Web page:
In the past years, various strategies have been proposed for treating DED. The predominant treatment options are oral medications and phosphodiesterase type 5 inhibitors, such as Tadalafil, Vardenafil, Sildenafil [9]. However, only about half of DED patients embrace improvements from these drugs. More seriously, common side effects of these drugs, including headache, flushing, dyspepsia, nasal congestion, abnormal vision and diarrhea, also need to be tolerated by patients following treatments [5]. Other non-drug based strategies, such as vacuum constriction devices and penile prosthesis implantation, have emerged, but limited advantages were achieved due to the inability to refresh functional cells and tissues [5,10]. Therefore, there is a large interest in developing a novel therapy technique to recover normal functions of damaged endothelial cells (ECs) and cavernous smooth muscle cells (SMCs).

Alternatively, stem cell-based therapy is considered to be one of the promising strategies to enhance tissue repair and functional recovery for patients with DED. Among candidate stem cells for transplantation in DED patients, mesenchymal stem cells (MSCs) are believed to possess large potential, owing to their abundant autologous availability, thus avoiding ethical conflicts and graft rejection [11]. Importantly, investigations showed that successful transplantation could also be achieved from allogeneic MSCs [12], indicating a low immunogenicity of the cells [13]. Moreover, transplantation of MSCs provides many other benefits. One of typical advantages is that they can secrete a variety of cytokines which exert general protective effects in vivo [12,13,14,15], including glial cell line-derived neurotrophic factor (GDNF), brain-derived neurotrophic factor (BDNF),nerve growth factor (NGF) and vascular endothelial growth factor(VEGF) [16,17]. As for ED therapy, many successful efforts have been made in the area of MSCs implantation. In animal studies, convincing evidence shows that transplantation of MSCs resulted in a beneficial effects on reversing age-related ED [18], such as enhancing functional recovery by inhibiting apoptosis [19]. In terms of DED, MSCs based treatment also exhibited encouraging effects [20]. Furthermore, it has been revealed that intracavernous transplanted MSCs restored erectile function of diabetic rats mainly through increasing endothelium and smooth muscle content in the corpus cavernosum [21,22].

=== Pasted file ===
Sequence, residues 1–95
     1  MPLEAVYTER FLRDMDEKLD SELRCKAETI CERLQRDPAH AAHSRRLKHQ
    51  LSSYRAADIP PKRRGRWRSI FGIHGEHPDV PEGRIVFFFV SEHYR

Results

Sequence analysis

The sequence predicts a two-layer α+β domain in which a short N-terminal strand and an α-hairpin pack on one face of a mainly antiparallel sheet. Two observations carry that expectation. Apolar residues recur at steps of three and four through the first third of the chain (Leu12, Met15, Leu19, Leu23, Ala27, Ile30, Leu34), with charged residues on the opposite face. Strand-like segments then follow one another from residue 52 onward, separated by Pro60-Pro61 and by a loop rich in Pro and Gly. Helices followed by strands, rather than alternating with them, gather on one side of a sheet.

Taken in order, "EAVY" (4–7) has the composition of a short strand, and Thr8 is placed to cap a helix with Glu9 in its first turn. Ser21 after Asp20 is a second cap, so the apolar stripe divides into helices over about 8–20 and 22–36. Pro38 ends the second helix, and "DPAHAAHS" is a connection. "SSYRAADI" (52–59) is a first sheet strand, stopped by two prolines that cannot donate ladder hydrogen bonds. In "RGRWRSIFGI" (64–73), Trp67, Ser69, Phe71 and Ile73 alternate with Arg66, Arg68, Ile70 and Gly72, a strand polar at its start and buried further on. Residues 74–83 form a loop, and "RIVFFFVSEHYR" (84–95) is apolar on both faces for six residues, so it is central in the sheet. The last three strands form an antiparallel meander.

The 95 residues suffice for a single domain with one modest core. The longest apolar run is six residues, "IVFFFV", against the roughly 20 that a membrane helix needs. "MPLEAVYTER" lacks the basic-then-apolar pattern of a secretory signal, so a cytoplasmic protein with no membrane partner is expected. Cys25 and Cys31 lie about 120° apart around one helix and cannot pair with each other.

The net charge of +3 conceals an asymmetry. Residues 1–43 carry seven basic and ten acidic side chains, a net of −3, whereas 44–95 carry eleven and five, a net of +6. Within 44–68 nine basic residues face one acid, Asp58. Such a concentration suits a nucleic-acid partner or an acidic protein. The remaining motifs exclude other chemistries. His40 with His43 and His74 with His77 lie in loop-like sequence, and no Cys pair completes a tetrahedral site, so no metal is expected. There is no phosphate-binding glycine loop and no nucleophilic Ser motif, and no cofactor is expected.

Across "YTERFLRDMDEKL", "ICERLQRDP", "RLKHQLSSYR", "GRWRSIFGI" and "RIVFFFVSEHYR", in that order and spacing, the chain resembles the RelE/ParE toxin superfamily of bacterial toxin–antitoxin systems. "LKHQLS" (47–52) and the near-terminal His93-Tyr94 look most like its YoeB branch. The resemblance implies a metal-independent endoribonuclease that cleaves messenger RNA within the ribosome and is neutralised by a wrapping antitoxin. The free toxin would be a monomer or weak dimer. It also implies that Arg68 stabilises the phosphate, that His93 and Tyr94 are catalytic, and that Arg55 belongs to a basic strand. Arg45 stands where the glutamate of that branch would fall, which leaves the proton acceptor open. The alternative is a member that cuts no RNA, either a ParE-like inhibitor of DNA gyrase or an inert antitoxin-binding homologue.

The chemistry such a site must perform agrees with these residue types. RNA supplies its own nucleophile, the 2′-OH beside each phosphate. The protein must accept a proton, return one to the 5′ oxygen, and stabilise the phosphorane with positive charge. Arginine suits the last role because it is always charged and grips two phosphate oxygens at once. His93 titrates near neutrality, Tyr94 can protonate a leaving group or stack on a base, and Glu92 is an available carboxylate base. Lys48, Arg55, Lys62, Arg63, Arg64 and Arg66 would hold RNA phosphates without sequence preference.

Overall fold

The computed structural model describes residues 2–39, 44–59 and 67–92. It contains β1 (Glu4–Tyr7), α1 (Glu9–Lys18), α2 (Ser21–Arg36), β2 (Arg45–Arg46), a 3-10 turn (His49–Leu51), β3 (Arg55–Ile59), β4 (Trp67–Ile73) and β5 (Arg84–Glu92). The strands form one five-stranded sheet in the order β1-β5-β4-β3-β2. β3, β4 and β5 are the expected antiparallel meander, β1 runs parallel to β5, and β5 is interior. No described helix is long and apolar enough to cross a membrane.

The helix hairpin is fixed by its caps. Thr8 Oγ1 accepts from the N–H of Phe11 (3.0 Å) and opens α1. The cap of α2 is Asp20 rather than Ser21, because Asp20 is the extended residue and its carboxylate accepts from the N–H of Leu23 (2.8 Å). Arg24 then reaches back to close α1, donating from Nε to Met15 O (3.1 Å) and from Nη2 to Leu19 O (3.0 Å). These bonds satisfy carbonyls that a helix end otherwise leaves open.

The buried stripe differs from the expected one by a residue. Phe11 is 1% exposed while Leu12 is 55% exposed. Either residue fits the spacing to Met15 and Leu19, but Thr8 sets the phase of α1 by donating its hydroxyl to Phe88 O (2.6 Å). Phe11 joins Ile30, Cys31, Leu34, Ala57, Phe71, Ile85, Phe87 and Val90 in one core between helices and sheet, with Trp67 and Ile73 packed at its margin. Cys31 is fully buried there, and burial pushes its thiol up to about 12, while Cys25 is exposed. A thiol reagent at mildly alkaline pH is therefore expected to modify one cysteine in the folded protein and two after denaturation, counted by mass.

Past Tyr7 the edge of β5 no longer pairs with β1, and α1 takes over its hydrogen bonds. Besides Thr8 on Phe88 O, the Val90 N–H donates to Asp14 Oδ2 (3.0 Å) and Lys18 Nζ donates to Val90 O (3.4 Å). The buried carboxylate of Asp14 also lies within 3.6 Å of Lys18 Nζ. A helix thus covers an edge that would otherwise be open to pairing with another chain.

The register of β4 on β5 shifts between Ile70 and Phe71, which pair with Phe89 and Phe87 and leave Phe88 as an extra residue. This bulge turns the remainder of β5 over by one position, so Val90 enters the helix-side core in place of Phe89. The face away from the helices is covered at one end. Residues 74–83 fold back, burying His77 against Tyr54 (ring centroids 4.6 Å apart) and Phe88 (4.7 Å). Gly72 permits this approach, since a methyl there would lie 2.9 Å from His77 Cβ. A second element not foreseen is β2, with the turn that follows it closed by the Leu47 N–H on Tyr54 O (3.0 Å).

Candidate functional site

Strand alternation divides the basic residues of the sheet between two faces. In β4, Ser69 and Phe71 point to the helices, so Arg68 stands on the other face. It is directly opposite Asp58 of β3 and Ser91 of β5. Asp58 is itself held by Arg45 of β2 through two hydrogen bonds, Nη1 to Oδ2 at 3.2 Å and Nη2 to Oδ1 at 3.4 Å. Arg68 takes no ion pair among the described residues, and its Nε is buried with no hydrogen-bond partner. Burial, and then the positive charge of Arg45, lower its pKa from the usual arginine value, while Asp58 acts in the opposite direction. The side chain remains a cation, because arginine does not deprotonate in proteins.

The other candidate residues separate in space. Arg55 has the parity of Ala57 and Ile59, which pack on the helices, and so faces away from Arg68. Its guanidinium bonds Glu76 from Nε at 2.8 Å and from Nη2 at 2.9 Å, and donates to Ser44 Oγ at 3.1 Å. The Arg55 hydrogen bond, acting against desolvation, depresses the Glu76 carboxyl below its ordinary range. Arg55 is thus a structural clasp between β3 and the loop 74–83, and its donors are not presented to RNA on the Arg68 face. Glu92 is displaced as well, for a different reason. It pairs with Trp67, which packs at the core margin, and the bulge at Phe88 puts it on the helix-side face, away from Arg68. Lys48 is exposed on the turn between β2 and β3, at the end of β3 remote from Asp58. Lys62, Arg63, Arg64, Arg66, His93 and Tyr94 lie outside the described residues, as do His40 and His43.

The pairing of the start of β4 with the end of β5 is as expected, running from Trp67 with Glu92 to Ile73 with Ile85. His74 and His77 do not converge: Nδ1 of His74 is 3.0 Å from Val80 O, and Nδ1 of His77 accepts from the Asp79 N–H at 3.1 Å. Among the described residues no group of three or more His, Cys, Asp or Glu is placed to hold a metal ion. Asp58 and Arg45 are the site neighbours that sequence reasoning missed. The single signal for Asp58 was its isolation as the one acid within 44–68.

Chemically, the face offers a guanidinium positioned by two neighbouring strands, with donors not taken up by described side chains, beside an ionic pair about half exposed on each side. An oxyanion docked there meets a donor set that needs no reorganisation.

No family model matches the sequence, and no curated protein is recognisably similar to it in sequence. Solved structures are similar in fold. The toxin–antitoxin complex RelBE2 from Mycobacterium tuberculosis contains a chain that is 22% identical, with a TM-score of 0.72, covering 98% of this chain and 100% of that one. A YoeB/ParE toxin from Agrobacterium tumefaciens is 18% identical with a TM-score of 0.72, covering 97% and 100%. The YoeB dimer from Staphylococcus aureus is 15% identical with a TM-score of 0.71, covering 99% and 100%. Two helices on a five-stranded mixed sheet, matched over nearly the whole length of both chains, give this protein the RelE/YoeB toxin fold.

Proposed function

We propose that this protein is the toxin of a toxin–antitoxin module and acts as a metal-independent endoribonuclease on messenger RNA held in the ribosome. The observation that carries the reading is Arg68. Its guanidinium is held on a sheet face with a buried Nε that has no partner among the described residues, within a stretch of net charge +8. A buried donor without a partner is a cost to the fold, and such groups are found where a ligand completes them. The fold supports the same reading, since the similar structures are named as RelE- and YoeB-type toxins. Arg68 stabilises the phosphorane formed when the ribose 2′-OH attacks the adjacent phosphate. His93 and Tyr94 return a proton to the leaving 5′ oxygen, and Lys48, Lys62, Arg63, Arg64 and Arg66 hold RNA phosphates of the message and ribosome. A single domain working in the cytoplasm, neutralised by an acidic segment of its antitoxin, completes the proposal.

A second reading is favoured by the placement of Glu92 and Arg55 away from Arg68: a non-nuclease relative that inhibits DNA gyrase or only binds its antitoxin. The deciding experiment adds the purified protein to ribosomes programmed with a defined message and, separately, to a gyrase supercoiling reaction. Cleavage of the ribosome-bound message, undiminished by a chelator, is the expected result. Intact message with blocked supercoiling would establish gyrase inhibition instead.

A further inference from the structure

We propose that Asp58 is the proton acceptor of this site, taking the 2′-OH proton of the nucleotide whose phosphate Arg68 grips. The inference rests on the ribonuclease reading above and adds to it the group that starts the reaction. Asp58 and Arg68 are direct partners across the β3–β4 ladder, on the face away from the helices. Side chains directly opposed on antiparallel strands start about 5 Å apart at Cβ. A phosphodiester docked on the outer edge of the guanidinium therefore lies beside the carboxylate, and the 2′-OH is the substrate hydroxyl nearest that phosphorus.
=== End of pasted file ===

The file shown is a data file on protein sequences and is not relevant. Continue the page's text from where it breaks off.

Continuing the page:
Recently, various strategies have sprung up to enhance the therapeutic potentials of MSCs. Among those strategies, hypoxic preconditioning (HP) was demonstrated to comprehensively increase the expression of endogenous defense/regenerative genes in stem cell therapy [23,24,25,26]. Previous studies have successfully applied the strategy in stem cell therapy of several diseases, such as hypoxic preconditioning MSCs for myocardial infarction. More importantly, significant benefits on stem cell therapies by hypoxic preconditioning were observed by independent groups [23,24,25,26]. However, whether hypoxic preconditioning could enhance MSC based treatment of ED has not been demonstrated.

In the present study, the hypothesis is proposed that the hypoxic preconditioning can efficiently improve the therapeutic potentials of MSCs for DED through augmenting their paracrine effects. To test our hypothesis, the study was designed and the efficacy of normal MSCs and HP preconditioned MSCs were systematically compared for treatment of DED.

Materials and Methods

Ethical Approval

All animals were raised and handled according to the National Institutes of Health Guidelines on the Use of Laboratory Animals. The animal experimental protocol was approved by the Committee on the Ethics of Animal Care and Use of Chinese PLA general hospital. All surgeries were performed under anesthesia, and all efforts were made to minimize suffering. Rats were anaesthetized by intraperitoneal injection of pentobarbital sodium (30 mg/kg)

Isolation and cultivation of adipose derived stem cells

Isolation and culture of adipose derived stem cells were conducted as previously described [27,28]. Briefly, male Sprague-Dawley rats (80–120g) were killed; adipose tissues were obtained from inguen and washed with PBS to remove bloodiness. The tissues were cut into 1mm×1mm size and digested with collagenase I. After centrifugation, the resulted cells were suspended in DMEM containing 10% fetal bovine serum/ 1% penicillin-streptomycin/2 mM L-glutamine, and incubated in humidified atmosphere and 5% CO2 at 37°C for 48h. The medium containing non-adherent cells were then removed and fresh culture medium was added. The medium was changed every 3 days. Cells were passaged when they reached about 90% confluence and were used at passage 3. To confirm the cellular identity of cultured cells, fluorescence-activated cell sorting was performed using CD90, CD29, CD34 and CD45 markers.

Hypoxia protocol and normoxia control

Hypoxic preconditioning of cells was achieved with a well characterized, finely controlled ProOx-C-chamber system (Biospherix, Redfield, NY) for 24 h. The O2 concentration in the chamber was controlled by the ProOx model 110 and maintained at 1%. Cells of normoxia treatment were in consistent with the same procedures except their exposures to the 20% O2 during the whole preparation.

Multipotent Differentiation

To determine the multipotent differentiation capacity of AMSCs, the experiments of adipogenic and osteogenic differentiation were conducted with induction medium for 3 weeks as following: